Civil Societies

According to the World Bank, Civil Society refers to a wide array of organizations, community groups, Non-governmental organizations [NGOs], labour unions, charitable organizations, etc. 

● Globally, In 1980’s the term ‘Civil Society’ became popular, after which it started to be identified with non-state movements defying authoritarian regimes, especially in Eastern Europe and Latin America.

● When mobilized, civil society – sometimes called the “third sector” (after government and commerce) has the power to influence the actions of the government in the policy process.  

Civil Society in India

Civil society derives its strength from the Gandhian tradition of volunteerism. In independent India, the initial role played by the voluntary organizations started by Gandhi and his disciples was to fill in the gaps left by the government in the development process. 

Types of Civil societies in India

As given in 2nd ARC:

  • Registered Societies formed for specific purposes
  • Charitable organizations and Trusts
  • Local Stakeholders Groups, Microcredit and SHGs
  • Professional Self-Regulatory Bodies
  • Cooperatives

Role of Civil Society

  • Civil Society plays a crucial role in good governance. As India has not been a true participative democracy yet a representative democracy, the government takes all major decisions by itself. Civil Society acts as an interface of interaction between the government and the governed.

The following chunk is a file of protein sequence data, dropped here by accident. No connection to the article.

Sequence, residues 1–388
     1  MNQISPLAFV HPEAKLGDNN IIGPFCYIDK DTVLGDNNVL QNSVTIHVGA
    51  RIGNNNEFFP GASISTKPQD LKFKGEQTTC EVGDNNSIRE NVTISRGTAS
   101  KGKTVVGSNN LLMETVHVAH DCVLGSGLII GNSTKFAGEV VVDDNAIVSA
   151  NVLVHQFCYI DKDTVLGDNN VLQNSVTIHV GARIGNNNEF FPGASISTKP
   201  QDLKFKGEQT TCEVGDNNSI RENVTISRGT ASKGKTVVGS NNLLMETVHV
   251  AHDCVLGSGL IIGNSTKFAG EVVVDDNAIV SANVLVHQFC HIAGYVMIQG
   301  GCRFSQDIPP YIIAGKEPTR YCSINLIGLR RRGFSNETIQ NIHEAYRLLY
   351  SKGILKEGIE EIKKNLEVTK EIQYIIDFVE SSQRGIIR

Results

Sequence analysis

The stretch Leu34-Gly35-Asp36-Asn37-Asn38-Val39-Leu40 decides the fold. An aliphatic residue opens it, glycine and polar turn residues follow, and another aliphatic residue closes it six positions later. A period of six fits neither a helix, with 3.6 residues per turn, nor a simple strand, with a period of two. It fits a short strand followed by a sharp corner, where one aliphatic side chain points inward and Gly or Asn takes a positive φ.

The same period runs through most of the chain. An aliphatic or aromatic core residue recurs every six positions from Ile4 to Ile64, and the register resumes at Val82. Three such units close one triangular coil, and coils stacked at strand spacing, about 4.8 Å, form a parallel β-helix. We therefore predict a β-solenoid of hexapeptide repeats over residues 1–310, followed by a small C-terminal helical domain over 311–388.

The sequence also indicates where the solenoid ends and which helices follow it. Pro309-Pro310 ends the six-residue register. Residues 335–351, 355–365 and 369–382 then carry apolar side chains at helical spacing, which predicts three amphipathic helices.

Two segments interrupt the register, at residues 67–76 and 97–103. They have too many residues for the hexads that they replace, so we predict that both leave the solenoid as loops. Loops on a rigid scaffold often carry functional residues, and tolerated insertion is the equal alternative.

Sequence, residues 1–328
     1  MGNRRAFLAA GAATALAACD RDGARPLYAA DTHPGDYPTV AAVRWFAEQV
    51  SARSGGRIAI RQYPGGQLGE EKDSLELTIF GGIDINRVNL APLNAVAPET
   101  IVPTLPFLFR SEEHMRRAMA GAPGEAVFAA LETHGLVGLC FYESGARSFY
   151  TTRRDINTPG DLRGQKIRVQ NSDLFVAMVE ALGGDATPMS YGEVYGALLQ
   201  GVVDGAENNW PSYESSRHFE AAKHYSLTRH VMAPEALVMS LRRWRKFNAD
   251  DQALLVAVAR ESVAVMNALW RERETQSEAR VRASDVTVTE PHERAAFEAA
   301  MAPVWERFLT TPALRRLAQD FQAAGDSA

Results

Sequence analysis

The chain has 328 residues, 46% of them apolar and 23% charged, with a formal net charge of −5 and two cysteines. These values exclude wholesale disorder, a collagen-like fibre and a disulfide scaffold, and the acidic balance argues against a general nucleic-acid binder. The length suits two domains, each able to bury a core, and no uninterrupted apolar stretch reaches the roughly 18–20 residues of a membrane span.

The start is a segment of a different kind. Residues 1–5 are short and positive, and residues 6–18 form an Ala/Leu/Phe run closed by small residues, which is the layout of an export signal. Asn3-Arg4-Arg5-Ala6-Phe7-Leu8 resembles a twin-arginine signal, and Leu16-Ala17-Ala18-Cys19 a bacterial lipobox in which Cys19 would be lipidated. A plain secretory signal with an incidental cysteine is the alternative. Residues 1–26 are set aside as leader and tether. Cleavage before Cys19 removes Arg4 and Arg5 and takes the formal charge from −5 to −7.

• Civil society’s functional contribution to good governance could be:
    • Watchdog — against violation of human rights and governing deficiencies
    • Advocate — of the weaker sections’ point of view
    • Agitator — on behalf of aggrieved citizens
    • Educator — of citizens on their rights, entitlements and responsibilities and the government about the pulse of the people
    • Service provider — to areas and people not reached by official efforts or as government’s agent
    • Mobiliser — of public opinion for or against a programme or policy
  • Civil society acts through ‘social capital’— the capacity of people to act together willingly in their common long-term interest.

Case Study

1. The Right to Information Act 2005 (RTI) represents a landmark legislation, which emerged from

the domain of civil society, demanding transparency and accountability.  Mazdoor Kisan Shakti Sangathan played a vital role in the formation of RTI act. 

2. The Lokpal bill is an anti-corruption legislation. The issue of Lokpal came to the center stage in 2011, when Anna Hazare, a civil society activist, sat on an indefinite hunger strike in Delhi, demanding that the civil society draft or the Jan Lokpal bill be passed. The legislation finally passed as Lokpal and Lokayukta Act 2013. 

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